FCC establishes procedures for first 5G spectrum auctions
Via FCC Headlines
Aug 3, 2018
- 28 GHz auction scheduled to commence on November 14
WASHINGTON, August 2, 2018: Today, the Federal Communications Commission established the application and bidding procedures for the upcoming Spectrum Frontiers auctions of Upper Microwave Flexible Use Service licenses in the 28 GHz (27.5-28.35 GHz) and 24 GHz (24.25-24.45, 24.75-25.25 GHz) bands.
This Public Notice announces auction procedures to speed the deployment of 5G services in these bands. The Commission will offer the 28 GHz and 24 GHz band licenses through two auctions with separate application and bidding processes for each auction. The application windows will run concurrently. The bidding for the 28 GHz UMFUS licenses (Auction 101) will commence on November 14, 2018, and the bidding for the 24 GHz licenses (Auction 102) will commence after the bidding concludes in Auction 101. These two auctions will use different bidding formats to accommodate differences in the characteristics of the licenses in the two bands:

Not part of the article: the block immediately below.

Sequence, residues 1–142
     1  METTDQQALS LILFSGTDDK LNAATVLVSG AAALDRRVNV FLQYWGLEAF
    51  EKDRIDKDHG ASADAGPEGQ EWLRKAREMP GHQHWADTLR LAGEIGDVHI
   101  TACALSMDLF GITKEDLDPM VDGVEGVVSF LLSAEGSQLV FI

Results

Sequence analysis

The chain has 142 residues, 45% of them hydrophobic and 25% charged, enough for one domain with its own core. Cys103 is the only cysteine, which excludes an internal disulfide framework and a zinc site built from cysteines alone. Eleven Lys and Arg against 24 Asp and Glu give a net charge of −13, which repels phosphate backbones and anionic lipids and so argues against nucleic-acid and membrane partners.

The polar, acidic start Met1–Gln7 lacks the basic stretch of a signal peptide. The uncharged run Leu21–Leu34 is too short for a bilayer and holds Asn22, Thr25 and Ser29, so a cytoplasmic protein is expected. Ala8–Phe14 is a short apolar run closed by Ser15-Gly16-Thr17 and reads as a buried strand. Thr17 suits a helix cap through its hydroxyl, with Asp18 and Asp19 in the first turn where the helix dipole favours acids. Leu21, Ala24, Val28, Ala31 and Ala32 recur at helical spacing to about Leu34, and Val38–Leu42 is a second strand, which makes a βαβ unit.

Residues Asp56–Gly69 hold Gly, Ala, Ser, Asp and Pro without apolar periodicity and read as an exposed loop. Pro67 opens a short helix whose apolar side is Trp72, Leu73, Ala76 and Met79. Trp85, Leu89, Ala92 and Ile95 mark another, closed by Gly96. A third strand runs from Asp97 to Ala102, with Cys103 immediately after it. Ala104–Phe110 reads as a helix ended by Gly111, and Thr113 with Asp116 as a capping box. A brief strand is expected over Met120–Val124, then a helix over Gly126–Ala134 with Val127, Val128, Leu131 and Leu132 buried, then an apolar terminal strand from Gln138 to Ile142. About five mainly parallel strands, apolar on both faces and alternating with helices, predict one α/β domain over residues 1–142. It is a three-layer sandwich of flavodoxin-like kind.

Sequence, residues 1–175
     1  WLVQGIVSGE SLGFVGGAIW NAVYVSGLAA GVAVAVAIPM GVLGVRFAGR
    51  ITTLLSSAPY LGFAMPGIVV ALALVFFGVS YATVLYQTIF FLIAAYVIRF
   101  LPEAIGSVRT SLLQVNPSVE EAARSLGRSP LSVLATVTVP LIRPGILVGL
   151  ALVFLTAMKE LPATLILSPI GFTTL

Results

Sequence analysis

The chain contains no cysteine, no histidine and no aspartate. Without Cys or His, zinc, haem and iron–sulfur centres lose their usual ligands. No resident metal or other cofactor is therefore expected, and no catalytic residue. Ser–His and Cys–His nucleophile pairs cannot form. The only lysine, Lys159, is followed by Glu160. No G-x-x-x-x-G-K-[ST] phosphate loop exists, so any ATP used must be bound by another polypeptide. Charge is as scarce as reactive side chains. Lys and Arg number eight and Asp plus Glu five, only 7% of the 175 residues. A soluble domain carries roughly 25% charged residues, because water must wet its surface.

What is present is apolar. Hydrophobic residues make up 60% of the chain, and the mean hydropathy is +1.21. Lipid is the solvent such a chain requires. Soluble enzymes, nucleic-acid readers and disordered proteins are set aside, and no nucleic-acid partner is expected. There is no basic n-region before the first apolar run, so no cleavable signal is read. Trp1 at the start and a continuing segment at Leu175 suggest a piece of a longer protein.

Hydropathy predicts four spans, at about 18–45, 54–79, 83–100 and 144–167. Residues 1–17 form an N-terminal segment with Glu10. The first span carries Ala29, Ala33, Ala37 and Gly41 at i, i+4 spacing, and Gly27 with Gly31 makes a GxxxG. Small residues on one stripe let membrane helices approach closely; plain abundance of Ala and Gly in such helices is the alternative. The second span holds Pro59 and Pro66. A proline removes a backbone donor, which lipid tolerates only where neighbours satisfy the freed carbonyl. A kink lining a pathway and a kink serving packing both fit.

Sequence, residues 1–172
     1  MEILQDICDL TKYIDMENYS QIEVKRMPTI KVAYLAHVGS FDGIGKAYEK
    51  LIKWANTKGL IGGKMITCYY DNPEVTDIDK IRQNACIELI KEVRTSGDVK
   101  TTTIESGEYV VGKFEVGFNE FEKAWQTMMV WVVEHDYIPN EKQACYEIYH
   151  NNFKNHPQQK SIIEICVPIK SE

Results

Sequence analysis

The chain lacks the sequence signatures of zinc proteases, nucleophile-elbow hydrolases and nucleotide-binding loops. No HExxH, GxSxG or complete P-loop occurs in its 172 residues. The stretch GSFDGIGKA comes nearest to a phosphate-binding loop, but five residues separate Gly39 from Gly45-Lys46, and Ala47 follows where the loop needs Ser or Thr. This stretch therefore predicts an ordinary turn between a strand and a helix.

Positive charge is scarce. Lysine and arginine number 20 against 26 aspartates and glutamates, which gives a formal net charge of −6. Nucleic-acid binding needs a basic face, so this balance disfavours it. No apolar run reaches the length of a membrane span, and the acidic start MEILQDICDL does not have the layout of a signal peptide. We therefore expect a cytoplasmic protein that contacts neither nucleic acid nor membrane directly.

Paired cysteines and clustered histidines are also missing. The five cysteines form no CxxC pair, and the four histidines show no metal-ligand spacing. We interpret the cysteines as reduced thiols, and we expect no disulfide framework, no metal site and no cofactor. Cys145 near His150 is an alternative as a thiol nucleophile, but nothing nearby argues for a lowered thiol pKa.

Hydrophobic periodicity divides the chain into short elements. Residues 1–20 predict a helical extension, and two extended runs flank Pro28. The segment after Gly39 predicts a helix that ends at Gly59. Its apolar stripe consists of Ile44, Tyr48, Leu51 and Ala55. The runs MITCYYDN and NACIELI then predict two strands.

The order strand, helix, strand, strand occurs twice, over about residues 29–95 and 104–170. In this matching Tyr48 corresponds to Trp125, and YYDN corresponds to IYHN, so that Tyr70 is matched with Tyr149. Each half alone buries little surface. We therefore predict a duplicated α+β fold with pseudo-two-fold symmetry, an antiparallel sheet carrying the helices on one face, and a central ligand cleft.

- Auction 101: The auction of the licenses in the 28 GHz band will employ the standard simultaneous multiple round auction format. The 28 GHz licenses will be offered in two 425 megahertz blocks by county.
- Auction 102: The auction of the licenses in the 24 GHz band will employ a clock auction format, beginning with a clock phase that will allow bidding on generic blocks in each Partial Economic Area in successive bidding rounds. There will then be an assignment phase to allow winners of the generic blocks to bid for frequency-specific license assignments. The 24 GHz licenses will be offered in seven 100 megahertz blocks.
The Public Notice further announces that certain auction rules, such as the prohibition on certain communications, will apply across both auctions. In addition, the Public Notice adopts bidding credit caps for these auctions of $25 million for small businesses and $10 million for rural service providers.
By establishing these auction procedures, the Commission furthers its efforts to ensure continued American leadership in wireless broadband, which is a critical component of economic growth, job creation, public safety, and global competitiveness.
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